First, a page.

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v. stamped, stamp·ing, stamps
1. To bring down (the foot) forcibly.
2. To bring the foot down onto (an object or surface) forcibly.
3. To cause to be dislodged by stomping the feet: He stamped the snow from his boots.
4. To subdue, destroy, or eliminate: stamped the rebellion; stamp out a fire.
5. To crush or grind with a heavy instrument: stamp ore.
6. To form or cut out by application of a mold, form, or die: washers that were stamped from a piece of sheet metal.
7. To imprint or impress with a mark, design, or seal: stamp a passport.
8. To impress forcibly or permanently: an experience that was stamped on his memory.
9. To affix an adhesive stamp to (an envelope, for example).
10. To identify, characterize, or reveal: stamped her as a traitor to the cause.
1. To thrust the foot forcibly downward: stamp on the brake pedal.
2. To walk with forcible, heavy steps.
1. The act of stamping.
a. An implement or device used to impress, cut out, or shape something to which it is applied.
b. An impression or shape formed by such an implement or device.
3. An official mark, design, or seal that indicates ownership, approval, completion, or the payment of a tax.
a. A small piece of gummed paper sold by a government for attachment to an article that is to be mailed; a postage stamp.
b. A similar piece of gummed paper issued for a specific purpose: trading stamps.
5. An identifying or characterizing mark or impression: His work bears the stamp of genius.
6. Characteristic nature or quality: a person of her stamp.

[Middle English stampen, possibly alteration of Old English stempan, to pound in a mortar.]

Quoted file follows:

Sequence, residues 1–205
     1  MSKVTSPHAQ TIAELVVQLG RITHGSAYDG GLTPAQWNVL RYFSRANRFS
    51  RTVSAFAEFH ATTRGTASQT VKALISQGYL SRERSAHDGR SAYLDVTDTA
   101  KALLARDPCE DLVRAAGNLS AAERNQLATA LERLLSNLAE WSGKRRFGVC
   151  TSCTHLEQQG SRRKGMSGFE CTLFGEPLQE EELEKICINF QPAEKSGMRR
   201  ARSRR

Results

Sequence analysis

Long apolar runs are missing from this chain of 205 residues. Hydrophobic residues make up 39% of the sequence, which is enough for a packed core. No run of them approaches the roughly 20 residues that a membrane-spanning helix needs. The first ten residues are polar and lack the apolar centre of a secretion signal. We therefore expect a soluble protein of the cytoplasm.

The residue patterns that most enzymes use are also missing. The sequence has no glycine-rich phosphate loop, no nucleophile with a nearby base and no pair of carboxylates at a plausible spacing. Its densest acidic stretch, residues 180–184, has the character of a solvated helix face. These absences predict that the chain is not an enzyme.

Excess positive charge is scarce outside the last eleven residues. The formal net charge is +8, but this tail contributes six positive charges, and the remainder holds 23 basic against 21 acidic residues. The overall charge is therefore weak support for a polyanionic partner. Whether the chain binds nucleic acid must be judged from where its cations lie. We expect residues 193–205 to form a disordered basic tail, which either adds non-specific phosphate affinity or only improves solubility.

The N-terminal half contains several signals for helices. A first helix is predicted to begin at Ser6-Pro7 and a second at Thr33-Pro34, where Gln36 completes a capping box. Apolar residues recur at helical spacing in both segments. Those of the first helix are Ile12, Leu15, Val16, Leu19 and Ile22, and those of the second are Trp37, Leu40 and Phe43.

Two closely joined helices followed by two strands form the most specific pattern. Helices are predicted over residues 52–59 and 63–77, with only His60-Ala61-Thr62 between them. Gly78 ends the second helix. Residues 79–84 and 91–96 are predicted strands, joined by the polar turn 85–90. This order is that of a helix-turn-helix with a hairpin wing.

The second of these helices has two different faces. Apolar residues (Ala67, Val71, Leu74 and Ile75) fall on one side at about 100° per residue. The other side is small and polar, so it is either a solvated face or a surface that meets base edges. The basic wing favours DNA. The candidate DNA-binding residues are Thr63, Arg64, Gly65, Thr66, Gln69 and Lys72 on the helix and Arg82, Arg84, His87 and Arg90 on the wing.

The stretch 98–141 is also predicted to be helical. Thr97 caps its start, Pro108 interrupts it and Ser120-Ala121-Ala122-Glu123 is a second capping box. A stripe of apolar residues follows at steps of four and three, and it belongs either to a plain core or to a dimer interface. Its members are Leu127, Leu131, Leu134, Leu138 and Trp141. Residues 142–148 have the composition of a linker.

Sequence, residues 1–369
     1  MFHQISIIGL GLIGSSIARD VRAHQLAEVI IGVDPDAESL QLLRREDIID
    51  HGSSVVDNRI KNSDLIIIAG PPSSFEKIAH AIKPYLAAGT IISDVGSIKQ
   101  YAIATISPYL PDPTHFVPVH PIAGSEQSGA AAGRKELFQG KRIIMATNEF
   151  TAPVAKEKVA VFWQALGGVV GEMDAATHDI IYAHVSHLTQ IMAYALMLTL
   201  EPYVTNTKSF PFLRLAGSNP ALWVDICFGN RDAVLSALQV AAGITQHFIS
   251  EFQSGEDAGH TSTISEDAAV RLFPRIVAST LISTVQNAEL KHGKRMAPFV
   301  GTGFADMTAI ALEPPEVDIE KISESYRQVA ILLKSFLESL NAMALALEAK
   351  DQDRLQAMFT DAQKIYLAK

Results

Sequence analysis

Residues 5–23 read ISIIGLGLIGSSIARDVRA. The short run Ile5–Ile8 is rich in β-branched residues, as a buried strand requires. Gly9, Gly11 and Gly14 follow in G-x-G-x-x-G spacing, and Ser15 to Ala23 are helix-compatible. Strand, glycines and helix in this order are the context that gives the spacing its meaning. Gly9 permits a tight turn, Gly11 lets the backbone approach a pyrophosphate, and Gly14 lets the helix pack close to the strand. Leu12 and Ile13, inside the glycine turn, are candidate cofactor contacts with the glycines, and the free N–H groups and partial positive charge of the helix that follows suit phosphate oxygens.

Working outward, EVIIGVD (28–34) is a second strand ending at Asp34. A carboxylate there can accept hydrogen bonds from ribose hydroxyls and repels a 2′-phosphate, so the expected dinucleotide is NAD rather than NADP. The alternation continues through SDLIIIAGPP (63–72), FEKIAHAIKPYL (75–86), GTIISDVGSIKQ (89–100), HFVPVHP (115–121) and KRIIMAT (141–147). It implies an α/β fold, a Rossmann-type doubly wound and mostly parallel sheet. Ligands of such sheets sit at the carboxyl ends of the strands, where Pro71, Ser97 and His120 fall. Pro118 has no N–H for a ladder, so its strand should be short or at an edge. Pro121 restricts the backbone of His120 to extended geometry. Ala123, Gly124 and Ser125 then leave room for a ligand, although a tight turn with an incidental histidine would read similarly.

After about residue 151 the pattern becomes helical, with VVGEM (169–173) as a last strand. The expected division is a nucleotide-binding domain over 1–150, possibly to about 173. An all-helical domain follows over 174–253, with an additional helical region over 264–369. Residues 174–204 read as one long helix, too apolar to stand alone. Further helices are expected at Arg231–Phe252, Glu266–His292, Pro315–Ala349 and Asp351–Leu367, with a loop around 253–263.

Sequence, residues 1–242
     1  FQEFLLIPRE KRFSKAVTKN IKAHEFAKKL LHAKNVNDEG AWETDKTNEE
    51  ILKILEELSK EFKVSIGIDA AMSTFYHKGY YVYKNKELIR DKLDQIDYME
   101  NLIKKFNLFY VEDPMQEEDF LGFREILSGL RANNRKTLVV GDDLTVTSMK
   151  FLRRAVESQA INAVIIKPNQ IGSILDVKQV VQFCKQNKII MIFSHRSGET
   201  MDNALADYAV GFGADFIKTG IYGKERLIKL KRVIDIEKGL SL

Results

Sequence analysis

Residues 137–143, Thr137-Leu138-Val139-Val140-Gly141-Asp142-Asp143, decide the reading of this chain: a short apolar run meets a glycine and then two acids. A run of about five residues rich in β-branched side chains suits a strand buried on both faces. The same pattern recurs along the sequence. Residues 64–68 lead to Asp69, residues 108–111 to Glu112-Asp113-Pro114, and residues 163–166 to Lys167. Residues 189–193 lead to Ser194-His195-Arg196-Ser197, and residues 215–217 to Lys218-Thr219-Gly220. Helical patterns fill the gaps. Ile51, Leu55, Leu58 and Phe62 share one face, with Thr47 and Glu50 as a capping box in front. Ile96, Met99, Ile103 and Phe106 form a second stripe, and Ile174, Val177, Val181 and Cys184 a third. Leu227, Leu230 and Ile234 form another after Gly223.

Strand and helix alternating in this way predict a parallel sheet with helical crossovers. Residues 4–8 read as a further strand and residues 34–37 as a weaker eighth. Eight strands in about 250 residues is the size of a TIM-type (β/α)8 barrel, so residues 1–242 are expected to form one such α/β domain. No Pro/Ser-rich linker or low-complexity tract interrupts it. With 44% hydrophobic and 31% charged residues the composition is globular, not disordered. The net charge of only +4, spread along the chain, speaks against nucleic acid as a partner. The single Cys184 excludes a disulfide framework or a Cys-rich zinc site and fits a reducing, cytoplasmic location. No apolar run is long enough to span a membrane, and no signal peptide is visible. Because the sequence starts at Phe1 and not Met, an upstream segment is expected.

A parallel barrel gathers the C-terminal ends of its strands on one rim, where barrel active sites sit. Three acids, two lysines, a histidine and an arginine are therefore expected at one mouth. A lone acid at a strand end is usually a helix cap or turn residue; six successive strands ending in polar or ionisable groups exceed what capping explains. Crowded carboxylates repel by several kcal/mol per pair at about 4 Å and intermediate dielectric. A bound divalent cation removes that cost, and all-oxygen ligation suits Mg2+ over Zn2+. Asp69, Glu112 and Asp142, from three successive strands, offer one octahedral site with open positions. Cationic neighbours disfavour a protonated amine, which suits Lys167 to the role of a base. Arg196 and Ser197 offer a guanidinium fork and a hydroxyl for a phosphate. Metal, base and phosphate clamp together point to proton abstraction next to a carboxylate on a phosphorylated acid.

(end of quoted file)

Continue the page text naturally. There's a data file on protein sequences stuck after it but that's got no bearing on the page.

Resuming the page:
American Heritage® Dictionary of the English Language, Fifth Edition. Copyright © 2016 by Houghton Mifflin Harcourt Publishing Company. Published by Houghton Mifflin Harcourt Publishing Company. All rights reserved.


[stæmpt] ADJ [envelope] → con sello, que lleva sello; [paper] → sellado, timbrado
stamped addressed envelopesobre m sellado con las señas propias
Collins Spanish Dictionary - Complete and Unabridged 8th Edition 2005 © William Collins Sons & Co. Ltd. 1971, 1988 © HarperCollins Publishers 1992, 1993, 1996, 1997, 2000, 2003, 2005
References in classic literature ?
The note of dread in the shouting voice, the practical truth of these words, heard years ago from a man I did not like, have stamped its peculiar character on that gale.
She took her hands from her ears and sprang up and stamped her foot.
At the right beat of the music he looked sideways at his partner with a merry and triumphant air, suddenly stamped with one foot, bounded from the floor like a ball, and flew round the room taking his partner with him.
A purse and gold watch were found upon the victim: but no cards or papers, except a sealed and stamped envelope, which he had been probably carrying to the post, and which bore the name and address of Mr.
Kaliko hastily withdrew, and the Nome King stamped up and down until the General of his armies appeared.
Thus, when you and I, asleep or dozing off to sleep, fall through space and awake to sickening consciousness just before we strike, we are merely remembering what happened to our arboreal ancestors, and which has been stamped by cerebral changes into the heredity of the race.